> Removing excess packaging when you’re placing food into your bins helps you to always see what quantity you have left, and means you won’t be fumbling with cumbersome boxes or wrappers each time you want a breakfast bar or plastic spoon.
> When purchasing containers, utilize a mix of small and large bins so everything has an appropriate spot.
> Turntables and can risers help with visibility and accessibility. Containers allow you to use the entire depth of the shelf without items getting lost in the back.
> I love using clear bins at eye level so the contents are visible and some pretty opaque bins lower down or higher up to reduce the visual clutter.
Labels tell us where everything belongs, but it’s important to assign label categories that are general enough not to cause frustration. Making your categories too specific makes it hard to unpack groceries. Most families will have the same broad groupings that consist of breakfast, dinner, snacks, sweets, cooking, and baking. Beyond that, you can add more specific categories that your family always has on hand.
Make sure that the different containers and labels coordinate nicely with each other and match the style of your home. When the end result is pretty, it provides additional motivation to maintain it!
Consider which items can be placed on higher shelves to help free up your most valuable pantry real estate. For example, make sure to place seldom-used items like icing and birthday candles way up high.
> If you like to purchase in bulk and have the space for it, keep the back-stock higher up or in a garage or basement.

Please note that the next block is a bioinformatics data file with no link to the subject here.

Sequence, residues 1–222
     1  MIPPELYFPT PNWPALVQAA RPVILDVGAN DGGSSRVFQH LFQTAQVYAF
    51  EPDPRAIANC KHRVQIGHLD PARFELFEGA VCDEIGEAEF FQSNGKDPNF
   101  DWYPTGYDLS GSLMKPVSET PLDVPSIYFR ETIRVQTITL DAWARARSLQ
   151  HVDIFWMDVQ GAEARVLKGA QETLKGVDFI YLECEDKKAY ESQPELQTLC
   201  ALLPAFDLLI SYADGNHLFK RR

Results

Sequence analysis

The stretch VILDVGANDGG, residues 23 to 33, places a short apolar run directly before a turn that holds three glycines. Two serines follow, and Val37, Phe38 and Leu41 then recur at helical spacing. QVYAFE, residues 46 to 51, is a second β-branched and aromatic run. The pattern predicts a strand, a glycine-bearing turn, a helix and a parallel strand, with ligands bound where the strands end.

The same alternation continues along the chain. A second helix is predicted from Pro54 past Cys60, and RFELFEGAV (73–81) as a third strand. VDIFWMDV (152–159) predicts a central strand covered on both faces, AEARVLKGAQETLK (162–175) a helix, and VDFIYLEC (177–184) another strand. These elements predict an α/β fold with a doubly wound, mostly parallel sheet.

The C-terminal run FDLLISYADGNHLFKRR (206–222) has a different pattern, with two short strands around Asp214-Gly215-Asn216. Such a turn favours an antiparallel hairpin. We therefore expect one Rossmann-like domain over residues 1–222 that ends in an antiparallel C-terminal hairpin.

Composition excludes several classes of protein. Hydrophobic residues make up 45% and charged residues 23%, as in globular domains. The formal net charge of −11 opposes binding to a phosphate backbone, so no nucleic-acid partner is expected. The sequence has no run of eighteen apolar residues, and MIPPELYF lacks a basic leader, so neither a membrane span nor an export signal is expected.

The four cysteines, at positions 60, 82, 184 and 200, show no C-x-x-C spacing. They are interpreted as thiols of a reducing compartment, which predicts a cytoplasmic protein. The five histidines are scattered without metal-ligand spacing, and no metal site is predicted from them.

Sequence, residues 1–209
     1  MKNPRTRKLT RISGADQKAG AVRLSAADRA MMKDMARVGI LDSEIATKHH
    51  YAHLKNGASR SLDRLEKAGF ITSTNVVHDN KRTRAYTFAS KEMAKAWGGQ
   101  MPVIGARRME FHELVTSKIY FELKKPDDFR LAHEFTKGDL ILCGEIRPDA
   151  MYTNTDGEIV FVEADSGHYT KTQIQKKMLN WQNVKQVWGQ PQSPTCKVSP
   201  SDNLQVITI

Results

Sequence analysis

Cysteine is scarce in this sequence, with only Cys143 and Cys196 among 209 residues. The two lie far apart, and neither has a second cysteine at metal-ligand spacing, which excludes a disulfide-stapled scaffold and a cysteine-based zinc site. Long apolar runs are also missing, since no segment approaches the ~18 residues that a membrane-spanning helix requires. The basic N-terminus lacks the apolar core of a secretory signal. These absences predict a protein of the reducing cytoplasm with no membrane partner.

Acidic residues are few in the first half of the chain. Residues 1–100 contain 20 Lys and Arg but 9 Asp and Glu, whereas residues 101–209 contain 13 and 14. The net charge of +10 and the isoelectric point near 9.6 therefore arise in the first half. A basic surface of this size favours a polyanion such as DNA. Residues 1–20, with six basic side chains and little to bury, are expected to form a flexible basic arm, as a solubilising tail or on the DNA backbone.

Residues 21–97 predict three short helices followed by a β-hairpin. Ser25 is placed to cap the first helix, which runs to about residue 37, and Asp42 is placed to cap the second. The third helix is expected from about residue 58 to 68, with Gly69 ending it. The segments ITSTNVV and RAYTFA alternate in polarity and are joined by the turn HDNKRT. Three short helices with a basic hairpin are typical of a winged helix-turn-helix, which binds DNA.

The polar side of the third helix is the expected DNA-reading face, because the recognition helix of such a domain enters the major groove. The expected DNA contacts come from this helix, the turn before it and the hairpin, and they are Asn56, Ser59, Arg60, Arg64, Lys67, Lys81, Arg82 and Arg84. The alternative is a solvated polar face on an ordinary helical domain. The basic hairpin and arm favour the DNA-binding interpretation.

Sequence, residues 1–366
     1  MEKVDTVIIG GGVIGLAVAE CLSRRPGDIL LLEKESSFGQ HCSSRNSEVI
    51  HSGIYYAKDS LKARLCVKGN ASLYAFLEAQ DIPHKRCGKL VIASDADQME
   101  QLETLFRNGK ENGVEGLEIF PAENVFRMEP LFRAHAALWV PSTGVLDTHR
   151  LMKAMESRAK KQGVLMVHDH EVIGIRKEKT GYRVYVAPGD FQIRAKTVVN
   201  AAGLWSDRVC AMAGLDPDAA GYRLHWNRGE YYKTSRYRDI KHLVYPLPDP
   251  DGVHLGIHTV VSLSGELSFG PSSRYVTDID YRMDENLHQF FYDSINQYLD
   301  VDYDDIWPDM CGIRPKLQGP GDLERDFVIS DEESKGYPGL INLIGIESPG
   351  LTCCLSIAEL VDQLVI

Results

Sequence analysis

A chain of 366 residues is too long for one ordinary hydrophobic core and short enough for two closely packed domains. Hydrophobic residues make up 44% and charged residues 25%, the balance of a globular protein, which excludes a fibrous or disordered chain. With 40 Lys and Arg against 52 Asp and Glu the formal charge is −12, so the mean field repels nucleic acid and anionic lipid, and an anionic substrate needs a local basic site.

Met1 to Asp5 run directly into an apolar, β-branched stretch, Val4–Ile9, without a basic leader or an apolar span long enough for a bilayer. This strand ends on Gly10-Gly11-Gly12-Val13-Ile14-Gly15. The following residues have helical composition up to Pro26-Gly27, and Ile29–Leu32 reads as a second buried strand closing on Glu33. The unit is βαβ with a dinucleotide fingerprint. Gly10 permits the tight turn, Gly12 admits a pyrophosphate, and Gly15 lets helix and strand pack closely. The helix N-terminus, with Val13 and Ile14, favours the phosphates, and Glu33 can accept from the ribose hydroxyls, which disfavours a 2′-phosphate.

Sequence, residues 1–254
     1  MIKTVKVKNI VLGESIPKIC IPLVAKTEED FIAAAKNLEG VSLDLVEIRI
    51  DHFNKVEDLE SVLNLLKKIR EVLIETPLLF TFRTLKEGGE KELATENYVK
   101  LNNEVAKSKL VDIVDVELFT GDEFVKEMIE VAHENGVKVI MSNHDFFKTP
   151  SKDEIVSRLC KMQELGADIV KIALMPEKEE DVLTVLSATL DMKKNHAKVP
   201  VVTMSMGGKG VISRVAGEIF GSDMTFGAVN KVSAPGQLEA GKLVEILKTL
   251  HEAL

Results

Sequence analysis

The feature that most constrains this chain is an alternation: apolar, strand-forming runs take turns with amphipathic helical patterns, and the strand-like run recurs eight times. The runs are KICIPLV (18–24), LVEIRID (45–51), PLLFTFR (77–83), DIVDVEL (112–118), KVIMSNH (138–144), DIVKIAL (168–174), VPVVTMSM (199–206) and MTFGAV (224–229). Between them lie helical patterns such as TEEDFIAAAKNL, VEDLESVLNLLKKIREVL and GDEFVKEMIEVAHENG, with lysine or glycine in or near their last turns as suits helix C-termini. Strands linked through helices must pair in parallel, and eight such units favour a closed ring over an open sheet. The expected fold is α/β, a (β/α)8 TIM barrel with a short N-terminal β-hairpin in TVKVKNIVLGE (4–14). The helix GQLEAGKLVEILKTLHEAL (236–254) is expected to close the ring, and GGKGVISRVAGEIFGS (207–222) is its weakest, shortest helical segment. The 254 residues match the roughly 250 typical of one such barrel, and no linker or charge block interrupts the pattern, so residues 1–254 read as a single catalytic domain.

> Snacks are easily accessible lower down, as is everyday plasticware. Nicer plasticware, for special occasions, could be higher up.
> Seasonal items should be kept out of the way, and daily items with higher turnover in the prime locations.
4 Less Is More
We didn’t leave any shelf space open in Racheli’s pantry because open space tends to attract random items looking for a home. Drinks were removed from packaging and placed in large bins on the floor so they were easy to grab. Had the floor space been left open, the amount of items on the floor likely would have grown again, so placing the containers there serves as a reminder that there’s a limit to what can be kept on the floor.
Many people mistakenly believe that when it comes to organization, bigger is better. “If I only had more space, I could definitely keep things organized,” they say. From my experience, the size isn’t nearly as important as the system. If you can’t maintain an organized small home, having more space might only make things harder because a larger space definitely comes with its own challenges. It’s important to set everything up intentionally, bearing in mind your family’s unique preferences, so that everything flows.
Of course, no matter how fabulous the area looks after it’s been organized, remember that it won’t maintain itself! Carve out a few minutes each week to touch up each bin and see how the system is working for you. Don’t be afraid to switch a bin’s location or label and try something new when circumstances change.
It’s been a whole year since we’ve given Racheli’s pantry an overhaul, and I’m thrilled to report that the pantry still looks incredible!
Aliza Scheller of simply.sorted.homes is passionate about creating organizational solutions for her clients that are both practical and beautiful. Aliza inspires her clients to shift their mindsets and become more mindful about what they bring into their homes so their once cluttered and heavy storage spaces become airy and light living spaces.
*not her real name